Amid the hue and cry over the NITI Aayog’s report of Meghalaya being the third poorest State in India, data in the report showed West Khasi Hills as the poorest district in the State. The report also indicated that all districts in Garo Hills have less number of people suffering from poverty.
NITI Aayog’s report ‘National Multidimensional Poverty Index: A Progress Review 2023’ released on July 17 gave the percentage of population who are multidimensionally poor in each district of the State.
The report said that West Khasi Hills has shown an increase in the number of poor people based on two National Family Health Surveys (NFHS).
As per NFHS-5 (2019-21) as many as 52.48 per cent are multidimensionally poor in West Khasi Hills as compared to 39.59 per cent in NFHS-4 (2015-16).
West Jaintia Hills came second in the percentage of poor people with 52.08 per cent. It was followed by East Jaintia Hills at 43.79 per cent as per NFHS-5. However, the percentage of poor in East Jaintia Hills has come down from 46.07 per cent recorded in NFHS-4.
The percentage of poor people in South West Khasi Hills is 40.98 per cent. In Ri-Bhoi, it was 31.67 per cent, although it came down drastically from 46.31 per cent as recorded in NFHS-4.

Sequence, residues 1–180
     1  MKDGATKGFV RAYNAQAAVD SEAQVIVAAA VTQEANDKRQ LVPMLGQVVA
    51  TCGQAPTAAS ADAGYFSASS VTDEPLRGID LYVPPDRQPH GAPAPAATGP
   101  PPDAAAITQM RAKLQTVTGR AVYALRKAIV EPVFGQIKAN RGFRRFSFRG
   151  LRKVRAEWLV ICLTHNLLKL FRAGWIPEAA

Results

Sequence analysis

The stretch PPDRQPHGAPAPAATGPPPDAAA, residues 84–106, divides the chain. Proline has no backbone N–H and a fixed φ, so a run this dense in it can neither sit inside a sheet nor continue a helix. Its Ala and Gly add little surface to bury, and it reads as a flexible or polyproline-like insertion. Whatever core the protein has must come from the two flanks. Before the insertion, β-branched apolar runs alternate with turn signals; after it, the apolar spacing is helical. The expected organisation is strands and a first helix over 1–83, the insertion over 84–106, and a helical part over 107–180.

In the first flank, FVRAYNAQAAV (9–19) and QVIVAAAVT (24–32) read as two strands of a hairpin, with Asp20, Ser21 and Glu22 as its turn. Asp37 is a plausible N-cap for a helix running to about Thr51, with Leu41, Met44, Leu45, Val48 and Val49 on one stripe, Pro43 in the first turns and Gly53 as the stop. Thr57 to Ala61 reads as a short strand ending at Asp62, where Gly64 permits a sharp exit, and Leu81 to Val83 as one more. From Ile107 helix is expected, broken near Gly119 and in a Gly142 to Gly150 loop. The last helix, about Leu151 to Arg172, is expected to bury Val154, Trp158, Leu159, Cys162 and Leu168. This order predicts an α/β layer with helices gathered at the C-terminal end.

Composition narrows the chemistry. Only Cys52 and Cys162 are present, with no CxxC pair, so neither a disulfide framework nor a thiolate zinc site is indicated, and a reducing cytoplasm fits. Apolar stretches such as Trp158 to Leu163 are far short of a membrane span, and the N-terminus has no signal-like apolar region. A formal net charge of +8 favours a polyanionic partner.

In East Khasi Hills, the multidimensionally poor account for 24.10 per cent (NFHS-5). This showed an increase of poor people in the district. In the NFHS-4, the percentage was only 23.39 per cent.
Interestingly, all districts in Garo Hills are far better as the number of multidimensionally poor is concerned.
In South West Garo Hills, it was only 18.27 per cent. In East Garo Hills it was 14.96 per cent which showed an increase from 41.78 per cent as recorded in NFHS-4. In North Garo Hills, the percentage of multidimensionally poor is 13.26 per cent.
South Garo Hills has reduced the number of poor people to 9.77 per cent (NFHS-5) from 11.27 per cent (NFHS-4).
Further, in what may be seen as a steep reduction in the number of multidimensionally poor people, West Garo Hills currently has only 8 per cent of such people as compared to 27.29 per cent as recorded in NFHS-4.
This second edition of the National Multidimensional Poverty Index (MPI) represents India’s progress in reducing multidimensional poverty between the two surveys, NFHS-4 (2015-16) and NFHS-5 (2019-21). It builds on the Baseline Report of India’s National MPI launched in November 2021. The broad methodology followed is in consonance with the global methodology.
The National MPI measures simultaneous deprivations across the three equally weighted dimensions of health, education, and standard of living that are represented by 12 SDG-aligned indicators. These include nutrition, child and adolescent mortality, maternal health, years of schooling, school attendance, cooking fuel, sanitation, drinking water, electricity, housing, assets, and bank accounts.